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Time-out is a technique used to teach young children how to control their behavior. Time-out is an opportunity for the child to calm down or regain control of his or her behavior. If your child has trouble sharing a toy, you may even decide to put the toy in time-out.
It works best for children who understand why it is being used. This is usually around age 2 or 3 years. Time-out also works best when the usual behavior of parents is to make frequent, brief, physical contact with the child when he or she is behaving as expected (an activity called time-in).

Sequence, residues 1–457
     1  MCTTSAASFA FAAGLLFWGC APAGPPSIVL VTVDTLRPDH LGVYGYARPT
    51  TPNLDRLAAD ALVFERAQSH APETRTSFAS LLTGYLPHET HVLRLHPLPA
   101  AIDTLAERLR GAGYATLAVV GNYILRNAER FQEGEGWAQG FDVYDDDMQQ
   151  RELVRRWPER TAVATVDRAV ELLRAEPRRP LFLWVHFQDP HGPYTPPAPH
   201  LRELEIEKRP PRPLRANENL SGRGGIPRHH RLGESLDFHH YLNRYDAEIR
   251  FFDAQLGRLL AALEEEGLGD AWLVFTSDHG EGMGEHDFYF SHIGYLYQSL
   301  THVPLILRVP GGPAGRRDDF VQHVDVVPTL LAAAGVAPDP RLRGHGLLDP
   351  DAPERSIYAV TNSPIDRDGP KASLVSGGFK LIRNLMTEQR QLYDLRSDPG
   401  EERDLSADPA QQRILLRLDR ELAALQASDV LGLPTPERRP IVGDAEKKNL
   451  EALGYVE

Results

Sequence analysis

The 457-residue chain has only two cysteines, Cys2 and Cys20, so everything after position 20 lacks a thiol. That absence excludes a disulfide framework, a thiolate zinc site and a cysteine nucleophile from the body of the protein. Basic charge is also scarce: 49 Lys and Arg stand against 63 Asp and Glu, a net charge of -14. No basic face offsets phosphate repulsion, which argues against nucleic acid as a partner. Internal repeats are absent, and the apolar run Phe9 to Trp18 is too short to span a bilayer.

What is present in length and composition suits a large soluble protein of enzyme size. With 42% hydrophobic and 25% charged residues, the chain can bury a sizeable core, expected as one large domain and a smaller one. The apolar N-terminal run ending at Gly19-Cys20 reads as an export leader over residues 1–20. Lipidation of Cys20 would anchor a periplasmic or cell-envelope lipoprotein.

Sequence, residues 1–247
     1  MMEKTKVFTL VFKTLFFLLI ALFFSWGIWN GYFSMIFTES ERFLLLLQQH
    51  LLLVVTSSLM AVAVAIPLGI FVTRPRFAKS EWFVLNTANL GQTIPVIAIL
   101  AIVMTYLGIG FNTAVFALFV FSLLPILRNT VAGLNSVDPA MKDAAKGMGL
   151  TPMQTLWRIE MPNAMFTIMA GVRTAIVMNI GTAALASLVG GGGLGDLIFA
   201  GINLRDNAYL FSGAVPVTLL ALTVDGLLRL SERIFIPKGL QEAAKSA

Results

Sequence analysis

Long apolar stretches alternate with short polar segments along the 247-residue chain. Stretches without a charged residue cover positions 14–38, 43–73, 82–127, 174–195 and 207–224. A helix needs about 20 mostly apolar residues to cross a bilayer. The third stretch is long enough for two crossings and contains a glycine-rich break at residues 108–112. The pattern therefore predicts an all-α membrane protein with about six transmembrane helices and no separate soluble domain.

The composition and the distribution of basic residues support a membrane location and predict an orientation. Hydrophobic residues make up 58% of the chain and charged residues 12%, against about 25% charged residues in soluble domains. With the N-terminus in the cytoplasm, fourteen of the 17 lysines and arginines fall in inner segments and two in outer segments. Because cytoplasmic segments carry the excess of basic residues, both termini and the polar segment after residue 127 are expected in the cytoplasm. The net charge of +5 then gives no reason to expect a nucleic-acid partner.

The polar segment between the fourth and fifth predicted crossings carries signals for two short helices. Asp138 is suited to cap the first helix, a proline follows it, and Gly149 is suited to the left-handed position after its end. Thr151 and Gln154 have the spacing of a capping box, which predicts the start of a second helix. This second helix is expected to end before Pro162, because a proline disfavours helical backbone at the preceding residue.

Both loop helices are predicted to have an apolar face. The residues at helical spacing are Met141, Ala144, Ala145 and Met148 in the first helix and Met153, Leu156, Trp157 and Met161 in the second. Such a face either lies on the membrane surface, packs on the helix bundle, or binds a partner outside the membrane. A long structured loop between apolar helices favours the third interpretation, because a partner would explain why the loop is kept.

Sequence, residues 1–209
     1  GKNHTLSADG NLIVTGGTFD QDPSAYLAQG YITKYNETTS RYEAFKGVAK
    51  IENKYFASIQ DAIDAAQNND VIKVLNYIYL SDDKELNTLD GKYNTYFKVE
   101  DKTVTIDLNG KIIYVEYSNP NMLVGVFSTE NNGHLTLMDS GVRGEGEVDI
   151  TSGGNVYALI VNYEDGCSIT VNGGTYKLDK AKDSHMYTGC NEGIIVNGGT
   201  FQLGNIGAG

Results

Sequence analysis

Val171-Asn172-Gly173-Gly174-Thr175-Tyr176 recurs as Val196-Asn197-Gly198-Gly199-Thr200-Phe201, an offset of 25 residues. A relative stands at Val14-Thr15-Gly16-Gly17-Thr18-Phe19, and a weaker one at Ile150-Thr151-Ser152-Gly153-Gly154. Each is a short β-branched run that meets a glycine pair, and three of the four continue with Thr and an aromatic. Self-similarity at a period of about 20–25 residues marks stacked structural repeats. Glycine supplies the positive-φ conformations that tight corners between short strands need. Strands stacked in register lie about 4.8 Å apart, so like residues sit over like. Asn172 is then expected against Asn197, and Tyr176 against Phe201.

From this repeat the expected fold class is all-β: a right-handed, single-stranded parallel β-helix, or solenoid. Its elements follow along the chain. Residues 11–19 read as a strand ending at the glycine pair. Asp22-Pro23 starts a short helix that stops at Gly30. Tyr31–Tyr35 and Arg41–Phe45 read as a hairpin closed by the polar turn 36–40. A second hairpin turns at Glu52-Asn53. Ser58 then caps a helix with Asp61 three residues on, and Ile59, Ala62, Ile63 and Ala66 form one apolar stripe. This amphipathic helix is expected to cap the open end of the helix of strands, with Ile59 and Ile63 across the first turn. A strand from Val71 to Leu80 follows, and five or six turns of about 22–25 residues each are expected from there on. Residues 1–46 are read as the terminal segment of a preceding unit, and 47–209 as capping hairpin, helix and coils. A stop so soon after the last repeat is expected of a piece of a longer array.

Time-out works best when your child is doing something he or she knows is not acceptable and just won't stop, such as hitting or biting. Time-out is not effective if it is used too often or if it is used for behaviors that are not within a child's control. For example, time-out is not appropriate for a child who accidentally wets his or her clothes instead of using the toilet.
Before you start a time-out:
The time-out procedure includes telling your child why he or she is going to time-out. State only once, "Time-out for having a temper tantrum." Then:
While your child is in time-out:
|Primary Medical Reviewer||John Pope, MD - Pediatrics|
|Specialist Medical Reviewer||Louis Pellegrino, MD - Developmental Pediatrics|
|Last Revised||February 22, 2013|
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